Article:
Confusion behind COVID absence protocol causes rise in unexcused absences


Angelina Ruckman

BVH Attendance Coordinator Antonio Gutierrez explains the process students must abide by when they get in close contact to a peer who has COVID. He expresses that this year marks a significant increase in the distribution of Independent Study contracts.

Alexa Vazquez and Yealin Lee

“It’s not the students’ fault if they have to miss school because they tested positive for COVID-19 or came into close contact with the virus. We [administration] do not want to penalize their attendance in any way. [Independent Study] was meant as a [way to] support [students], not as a directive to hurt them,” Attendance Coordinator Antonio Gutierrez said, in response to the notable number of students who return to school from their short term quarantine to find their attendance record marked down.  

Absent, Unexcused. 

With 49 officially documented cases of students who have tested positive for COVID-19, and more who have come into close contact with the virus, the Bonita Vista High (BVH) student body experiences the effects of distance learning even after its conclusion. For many, schoolwork is still being completed and submitted at home. Upon the return to in-person instruction, approximately 20 percent of the student body have missed school due to close contact with or testing positive for COVID-19, according to a poll done by the Crusader

Students who test positive for COVID-19, or who come into close contact and choose to forgo COVID testing, are asked to quarantine for a 10 to 15 day period. Students are asked to sign up for the Short Term Independent Study program to support their academic pursuits during their time away from school. A statewide and district implemented program, Independent Study allows students to complete work for their classes during quarantine and marks them as present upon receiving proof of five assignments that were completed in that time. With the rise in COVID related absences, the need for Independent Study has increased.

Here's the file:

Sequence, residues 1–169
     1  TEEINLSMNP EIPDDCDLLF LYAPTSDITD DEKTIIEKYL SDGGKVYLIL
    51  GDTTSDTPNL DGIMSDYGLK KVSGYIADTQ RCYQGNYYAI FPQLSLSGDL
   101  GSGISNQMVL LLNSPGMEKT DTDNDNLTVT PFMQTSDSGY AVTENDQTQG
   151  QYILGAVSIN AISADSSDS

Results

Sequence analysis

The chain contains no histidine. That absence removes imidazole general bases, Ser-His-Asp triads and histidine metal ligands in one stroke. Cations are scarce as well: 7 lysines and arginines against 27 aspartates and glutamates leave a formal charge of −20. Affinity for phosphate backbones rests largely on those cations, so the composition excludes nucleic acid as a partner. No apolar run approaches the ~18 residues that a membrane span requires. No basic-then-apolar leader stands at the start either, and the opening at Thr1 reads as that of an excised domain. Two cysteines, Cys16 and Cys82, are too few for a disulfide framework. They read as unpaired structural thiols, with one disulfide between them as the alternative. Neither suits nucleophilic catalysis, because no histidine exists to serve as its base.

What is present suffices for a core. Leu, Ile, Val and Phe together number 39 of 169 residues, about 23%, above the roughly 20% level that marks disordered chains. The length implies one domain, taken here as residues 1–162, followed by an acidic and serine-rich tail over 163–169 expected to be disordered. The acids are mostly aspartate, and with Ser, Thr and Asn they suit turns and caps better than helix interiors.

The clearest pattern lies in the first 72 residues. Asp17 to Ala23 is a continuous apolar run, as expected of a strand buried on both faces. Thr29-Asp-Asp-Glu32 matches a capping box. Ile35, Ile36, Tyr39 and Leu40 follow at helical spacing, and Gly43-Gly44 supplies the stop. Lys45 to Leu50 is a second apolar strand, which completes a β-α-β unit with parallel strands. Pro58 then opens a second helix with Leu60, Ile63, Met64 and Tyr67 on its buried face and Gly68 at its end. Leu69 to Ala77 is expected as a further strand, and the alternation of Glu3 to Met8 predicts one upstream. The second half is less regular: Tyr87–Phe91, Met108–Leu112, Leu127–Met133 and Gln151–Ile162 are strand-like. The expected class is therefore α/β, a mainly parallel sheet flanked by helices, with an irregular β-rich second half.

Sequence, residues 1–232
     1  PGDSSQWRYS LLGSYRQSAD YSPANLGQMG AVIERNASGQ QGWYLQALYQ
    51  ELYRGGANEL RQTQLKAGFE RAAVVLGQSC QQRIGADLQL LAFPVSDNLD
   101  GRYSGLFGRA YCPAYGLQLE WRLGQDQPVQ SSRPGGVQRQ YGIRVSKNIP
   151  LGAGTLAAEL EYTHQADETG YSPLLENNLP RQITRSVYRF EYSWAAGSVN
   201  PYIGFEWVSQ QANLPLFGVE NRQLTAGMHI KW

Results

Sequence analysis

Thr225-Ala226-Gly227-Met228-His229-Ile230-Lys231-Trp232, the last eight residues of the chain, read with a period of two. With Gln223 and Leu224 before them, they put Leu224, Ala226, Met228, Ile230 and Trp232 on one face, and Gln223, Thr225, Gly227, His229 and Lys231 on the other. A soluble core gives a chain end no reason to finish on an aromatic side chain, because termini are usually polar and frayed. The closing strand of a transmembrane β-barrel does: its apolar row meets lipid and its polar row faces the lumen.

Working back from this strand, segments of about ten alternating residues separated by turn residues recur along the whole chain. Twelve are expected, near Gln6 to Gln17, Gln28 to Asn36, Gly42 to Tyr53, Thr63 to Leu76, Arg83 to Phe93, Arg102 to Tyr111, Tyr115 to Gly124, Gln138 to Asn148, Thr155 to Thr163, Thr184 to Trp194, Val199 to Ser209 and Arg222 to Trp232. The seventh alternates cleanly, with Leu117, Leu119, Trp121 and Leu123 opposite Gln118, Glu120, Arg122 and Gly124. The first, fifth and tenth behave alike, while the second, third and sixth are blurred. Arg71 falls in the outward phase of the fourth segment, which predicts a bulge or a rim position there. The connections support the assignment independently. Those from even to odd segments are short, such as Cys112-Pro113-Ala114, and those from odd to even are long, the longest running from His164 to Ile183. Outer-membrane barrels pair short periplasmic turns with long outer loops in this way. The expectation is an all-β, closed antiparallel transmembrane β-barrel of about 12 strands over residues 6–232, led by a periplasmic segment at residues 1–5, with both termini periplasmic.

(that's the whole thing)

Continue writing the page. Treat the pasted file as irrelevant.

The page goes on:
“We’ve never had to issue this many Independent Studies. I think that within the first six weeks of school, we issued more independent studies than in all of a normal school year,” Gutierrez said. “I’ve definitely done more than 60 for those who were either positive or chose to stay home.”  

However, a notable 14.5 percent of students are frustrated with how they are informed of the program and supported during their time in quarantine, according to a poll done by the Crusader. A significant number of COVID related student absences have been marked as unexcused, with a number of absent students vocalizing that they only had some knowledge of the program, while others claimed to have never heard of it entirely. Freshman Lauren Valleza, who experienced a two-week COVID related absence, described the program upon learning of it as “crazy information I [Valleza] wasn’t expecting.”